A common concern for growers when working with an Agricultural Technology Provider (ATP) is that their data may be used by that ATP to benefit itself in the marketplace. According to the Federal Trade Commission, it is illegal for businesses to act together in ways that can limit competition, lead to higher prices, or hinder other businesses from entering the market. The 12th farm data principle outlined in the American Farm Bureau “Privacy and Security Principles for Farm Data” highlights Unlawful or Anti-Competitive Activities in which “ATPs should not use the data for unlawful or anti-competitive activities, such as a prohibition on the use of farm data by the ATP to speculate in commodity markets”. The primary concern is that a company could use farm data (however it is access) to market various crops or influence input sales.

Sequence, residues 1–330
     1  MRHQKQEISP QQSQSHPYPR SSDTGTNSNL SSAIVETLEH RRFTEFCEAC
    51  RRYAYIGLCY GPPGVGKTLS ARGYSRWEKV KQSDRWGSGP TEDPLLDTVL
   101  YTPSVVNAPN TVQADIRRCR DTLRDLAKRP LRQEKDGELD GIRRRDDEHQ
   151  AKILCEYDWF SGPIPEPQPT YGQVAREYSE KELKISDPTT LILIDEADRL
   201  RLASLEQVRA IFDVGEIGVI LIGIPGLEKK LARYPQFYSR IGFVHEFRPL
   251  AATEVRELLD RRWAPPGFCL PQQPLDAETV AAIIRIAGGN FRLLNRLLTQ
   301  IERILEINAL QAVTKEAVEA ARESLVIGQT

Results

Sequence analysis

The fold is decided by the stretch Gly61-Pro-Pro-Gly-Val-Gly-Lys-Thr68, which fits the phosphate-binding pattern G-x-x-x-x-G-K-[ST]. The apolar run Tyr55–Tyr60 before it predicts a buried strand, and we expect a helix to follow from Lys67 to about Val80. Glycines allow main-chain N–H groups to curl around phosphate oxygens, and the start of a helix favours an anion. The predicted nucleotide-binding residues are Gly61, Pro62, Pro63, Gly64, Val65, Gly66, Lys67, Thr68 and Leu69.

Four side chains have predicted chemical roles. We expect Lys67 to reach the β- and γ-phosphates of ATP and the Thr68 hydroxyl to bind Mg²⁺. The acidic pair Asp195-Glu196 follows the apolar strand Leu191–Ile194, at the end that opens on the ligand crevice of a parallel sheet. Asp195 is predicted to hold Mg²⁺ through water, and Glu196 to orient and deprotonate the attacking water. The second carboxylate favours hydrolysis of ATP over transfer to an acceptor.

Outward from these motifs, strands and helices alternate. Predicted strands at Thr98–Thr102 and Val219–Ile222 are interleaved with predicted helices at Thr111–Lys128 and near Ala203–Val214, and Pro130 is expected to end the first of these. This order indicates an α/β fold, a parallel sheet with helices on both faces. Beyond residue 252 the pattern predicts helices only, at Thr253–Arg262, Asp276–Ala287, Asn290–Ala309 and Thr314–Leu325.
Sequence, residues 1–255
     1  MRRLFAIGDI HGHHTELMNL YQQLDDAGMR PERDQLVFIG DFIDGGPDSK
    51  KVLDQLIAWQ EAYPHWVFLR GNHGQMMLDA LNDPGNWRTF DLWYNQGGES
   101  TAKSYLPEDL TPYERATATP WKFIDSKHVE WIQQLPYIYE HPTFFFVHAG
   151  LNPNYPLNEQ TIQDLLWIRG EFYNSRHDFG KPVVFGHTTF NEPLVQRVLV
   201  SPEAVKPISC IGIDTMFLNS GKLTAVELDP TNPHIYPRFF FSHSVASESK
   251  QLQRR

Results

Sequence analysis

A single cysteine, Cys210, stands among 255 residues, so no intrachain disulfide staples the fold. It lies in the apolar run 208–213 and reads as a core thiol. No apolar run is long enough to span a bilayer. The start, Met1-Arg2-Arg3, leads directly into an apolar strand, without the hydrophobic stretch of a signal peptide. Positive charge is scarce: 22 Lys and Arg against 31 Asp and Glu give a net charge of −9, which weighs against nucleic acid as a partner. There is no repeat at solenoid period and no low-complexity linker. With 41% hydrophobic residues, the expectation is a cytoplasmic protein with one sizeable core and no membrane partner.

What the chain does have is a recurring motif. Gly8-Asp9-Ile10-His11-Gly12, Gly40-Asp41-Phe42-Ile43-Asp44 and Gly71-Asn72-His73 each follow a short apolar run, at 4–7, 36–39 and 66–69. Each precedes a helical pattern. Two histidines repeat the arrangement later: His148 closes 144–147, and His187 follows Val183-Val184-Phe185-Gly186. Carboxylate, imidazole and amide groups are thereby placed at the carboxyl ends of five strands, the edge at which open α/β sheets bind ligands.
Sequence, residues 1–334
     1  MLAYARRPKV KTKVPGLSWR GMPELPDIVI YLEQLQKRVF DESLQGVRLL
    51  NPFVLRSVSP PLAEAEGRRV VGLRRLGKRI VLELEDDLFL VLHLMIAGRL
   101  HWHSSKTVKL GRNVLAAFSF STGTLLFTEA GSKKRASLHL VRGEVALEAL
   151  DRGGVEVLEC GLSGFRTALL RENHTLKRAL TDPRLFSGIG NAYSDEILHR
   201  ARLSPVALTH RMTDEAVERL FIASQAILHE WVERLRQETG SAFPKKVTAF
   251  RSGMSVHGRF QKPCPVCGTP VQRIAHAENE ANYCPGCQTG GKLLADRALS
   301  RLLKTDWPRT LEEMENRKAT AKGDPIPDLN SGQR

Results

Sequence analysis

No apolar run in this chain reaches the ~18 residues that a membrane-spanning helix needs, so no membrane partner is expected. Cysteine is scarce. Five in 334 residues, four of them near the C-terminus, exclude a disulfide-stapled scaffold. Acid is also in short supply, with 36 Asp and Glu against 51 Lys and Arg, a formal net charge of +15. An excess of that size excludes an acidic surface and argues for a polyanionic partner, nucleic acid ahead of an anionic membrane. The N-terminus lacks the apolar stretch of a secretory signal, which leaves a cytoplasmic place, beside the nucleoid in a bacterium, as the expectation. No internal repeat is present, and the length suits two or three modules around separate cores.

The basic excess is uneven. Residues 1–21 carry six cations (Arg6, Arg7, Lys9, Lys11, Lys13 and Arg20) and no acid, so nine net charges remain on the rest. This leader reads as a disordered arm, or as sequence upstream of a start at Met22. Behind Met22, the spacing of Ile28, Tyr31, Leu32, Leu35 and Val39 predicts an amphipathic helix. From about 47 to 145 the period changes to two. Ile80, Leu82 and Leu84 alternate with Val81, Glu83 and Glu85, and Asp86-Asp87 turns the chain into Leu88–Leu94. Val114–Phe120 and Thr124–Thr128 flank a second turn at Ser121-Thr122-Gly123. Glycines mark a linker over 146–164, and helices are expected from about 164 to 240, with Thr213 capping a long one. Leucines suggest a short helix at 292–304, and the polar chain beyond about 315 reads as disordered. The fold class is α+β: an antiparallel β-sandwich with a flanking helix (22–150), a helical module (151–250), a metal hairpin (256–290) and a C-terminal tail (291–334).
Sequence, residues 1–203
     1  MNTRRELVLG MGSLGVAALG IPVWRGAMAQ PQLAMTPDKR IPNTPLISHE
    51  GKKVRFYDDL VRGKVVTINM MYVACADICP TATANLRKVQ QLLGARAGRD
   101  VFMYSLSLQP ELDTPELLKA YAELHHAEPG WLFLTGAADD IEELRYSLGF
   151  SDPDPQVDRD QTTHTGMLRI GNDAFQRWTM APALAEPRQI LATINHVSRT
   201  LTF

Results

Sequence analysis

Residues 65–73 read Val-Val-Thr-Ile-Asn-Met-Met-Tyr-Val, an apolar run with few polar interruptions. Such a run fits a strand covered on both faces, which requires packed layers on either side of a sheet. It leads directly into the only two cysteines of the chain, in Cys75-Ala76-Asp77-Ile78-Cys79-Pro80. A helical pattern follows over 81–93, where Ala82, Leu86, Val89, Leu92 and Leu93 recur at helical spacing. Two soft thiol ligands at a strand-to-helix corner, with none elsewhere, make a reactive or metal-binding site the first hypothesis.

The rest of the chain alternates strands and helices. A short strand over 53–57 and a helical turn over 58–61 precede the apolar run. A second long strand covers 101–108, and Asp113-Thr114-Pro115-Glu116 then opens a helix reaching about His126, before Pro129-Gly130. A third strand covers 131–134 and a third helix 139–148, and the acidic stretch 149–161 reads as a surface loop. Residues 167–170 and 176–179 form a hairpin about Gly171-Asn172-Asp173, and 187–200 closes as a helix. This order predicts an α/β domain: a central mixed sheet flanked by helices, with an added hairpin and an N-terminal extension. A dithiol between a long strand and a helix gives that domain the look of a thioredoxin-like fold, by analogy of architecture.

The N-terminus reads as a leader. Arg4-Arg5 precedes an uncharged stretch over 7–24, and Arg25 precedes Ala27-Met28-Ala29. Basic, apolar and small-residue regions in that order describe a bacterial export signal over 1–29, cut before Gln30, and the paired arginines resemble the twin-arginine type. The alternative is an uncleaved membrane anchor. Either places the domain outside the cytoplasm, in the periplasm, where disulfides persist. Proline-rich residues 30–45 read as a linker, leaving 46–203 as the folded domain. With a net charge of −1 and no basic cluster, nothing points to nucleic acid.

Within the agreement or terms and conditions between a grower and their ATP(s), there should be an explicit statement regarding the prohibition of anti-competitive activities. If the contract does not specifically mention these unlawful or anti-competitive activities, one should be on guard for wording that could disguise these type of actions. For example, verbiage that mentions being exclusive to one particular ATP, discriminatory pricing practices that appear as pricing based on the amounts or quality of data being managed, and requirements that a grower must purchase additional services in order to use basic ones. By being knowledgeable about what activities constitute unlawful or anti-competitive behavior, growers can be better prepared when entering into contract agreements with an ATP.